September 19, 2012 at 12:47 am |
    • Ben

      No, the gnostic gospels refer to others not included in the new testament, such as the gospel of thomas

      September 19, 2012 at 12:49 am |
    • Ceri

      What you are thinking of are the "Synoptic Gospels," not the Gnostic Gospels.

      September 19, 2012 at 12:55 am |
    • justathought55

      Yeah, that's it. Karen King is a bonehead. It must be all those years she spent at Harvard Divinity School as their most respected scholar. All of that study, getting those books published, leading the entire department and heading up all those global studies into ancient writings day after day, year after year, decade after decade...geez, what a loser! Why is anyone listening to HER?

      September 19, 2012 at 1:05 am |
  19. ScottCA


    September 19, 2012 at 12:46 am |
    • Truth


      September 19, 2012 at 12:55 am |
    • ScottCA

      He proves the point for atheism. There is no evidence for the existence of god.

      The null hypothesis is that there is no god. Since there is no evidence to support the existence of god, the null hypothesis holds as the logical position. To depart from this position without evidence is to delve into fantasy and insanity.
      Just as it is insanity to believe in the 6ft tall green monster in my closet without evidence of its existence, so is it insanity to believe in god without evidence.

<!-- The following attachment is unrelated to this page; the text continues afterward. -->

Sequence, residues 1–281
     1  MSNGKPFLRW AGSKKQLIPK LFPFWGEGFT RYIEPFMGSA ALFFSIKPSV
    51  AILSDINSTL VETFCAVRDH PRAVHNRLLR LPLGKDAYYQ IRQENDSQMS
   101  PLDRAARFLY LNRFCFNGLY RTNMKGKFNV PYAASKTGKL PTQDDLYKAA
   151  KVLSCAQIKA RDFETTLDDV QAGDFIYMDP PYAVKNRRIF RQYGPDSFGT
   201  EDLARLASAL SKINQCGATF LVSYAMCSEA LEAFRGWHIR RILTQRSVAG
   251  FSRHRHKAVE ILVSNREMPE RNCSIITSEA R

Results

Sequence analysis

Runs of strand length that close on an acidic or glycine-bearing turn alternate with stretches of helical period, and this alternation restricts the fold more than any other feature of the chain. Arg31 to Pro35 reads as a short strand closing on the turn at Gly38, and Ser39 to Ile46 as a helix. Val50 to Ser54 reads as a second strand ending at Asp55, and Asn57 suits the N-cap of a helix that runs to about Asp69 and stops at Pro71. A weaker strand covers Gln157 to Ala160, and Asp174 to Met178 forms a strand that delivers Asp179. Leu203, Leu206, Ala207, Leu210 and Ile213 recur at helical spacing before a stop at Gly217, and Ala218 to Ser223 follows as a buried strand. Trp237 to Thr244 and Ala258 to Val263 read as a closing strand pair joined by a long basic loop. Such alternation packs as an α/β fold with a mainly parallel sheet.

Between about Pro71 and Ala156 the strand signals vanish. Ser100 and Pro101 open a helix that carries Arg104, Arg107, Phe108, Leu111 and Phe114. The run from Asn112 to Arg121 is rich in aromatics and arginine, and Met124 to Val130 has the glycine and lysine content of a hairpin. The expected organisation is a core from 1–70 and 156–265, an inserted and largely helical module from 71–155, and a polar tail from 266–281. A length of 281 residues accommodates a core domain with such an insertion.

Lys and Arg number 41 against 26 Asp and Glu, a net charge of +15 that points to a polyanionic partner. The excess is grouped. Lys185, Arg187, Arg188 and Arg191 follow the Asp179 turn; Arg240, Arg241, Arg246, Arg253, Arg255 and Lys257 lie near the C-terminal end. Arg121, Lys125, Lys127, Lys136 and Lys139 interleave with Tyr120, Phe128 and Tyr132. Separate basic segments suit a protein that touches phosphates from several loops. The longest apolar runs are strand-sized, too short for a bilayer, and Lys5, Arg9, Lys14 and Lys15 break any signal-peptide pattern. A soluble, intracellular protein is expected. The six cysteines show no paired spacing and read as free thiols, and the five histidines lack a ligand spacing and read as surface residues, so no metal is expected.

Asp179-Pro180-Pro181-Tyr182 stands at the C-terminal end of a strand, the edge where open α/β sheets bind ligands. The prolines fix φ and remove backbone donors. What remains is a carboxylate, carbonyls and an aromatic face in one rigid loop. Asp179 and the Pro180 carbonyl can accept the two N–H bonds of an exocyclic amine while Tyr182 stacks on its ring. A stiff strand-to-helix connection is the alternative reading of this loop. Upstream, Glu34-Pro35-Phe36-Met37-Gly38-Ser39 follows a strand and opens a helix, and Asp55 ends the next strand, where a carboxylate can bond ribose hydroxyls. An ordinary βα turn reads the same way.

September 19, 2012 at 1:05 am |
    • ScottCA


      September 19, 2012 at 1:06 am |
    • realbuckyball

      Islam is a moon god cult.

      September 19, 2012 at 1:56 am |
  20. edward

    perfect timing, after the video shows that islam is crap they throw out this. Good thing we have separation of church and state in this counrty..It was written by man,.. Yet there will be lots of people that speak up cause of this.

    September 19, 2012 at 12:46 am |
    • skytech

      they allready have been, humman can't except thing even if it show to them

      September 19, 2012 at 12:50 am |
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About this blog

The CNN Belief Blog covers the faith angles of the day's biggest stories, from breaking news to politics to entertainment, fostering a global conversation about the role of religion and belief in readers' lives. It's edited by CNN's Daniel Burke with contributions from Eric Marrapodi and CNN's worldwide news gathering team.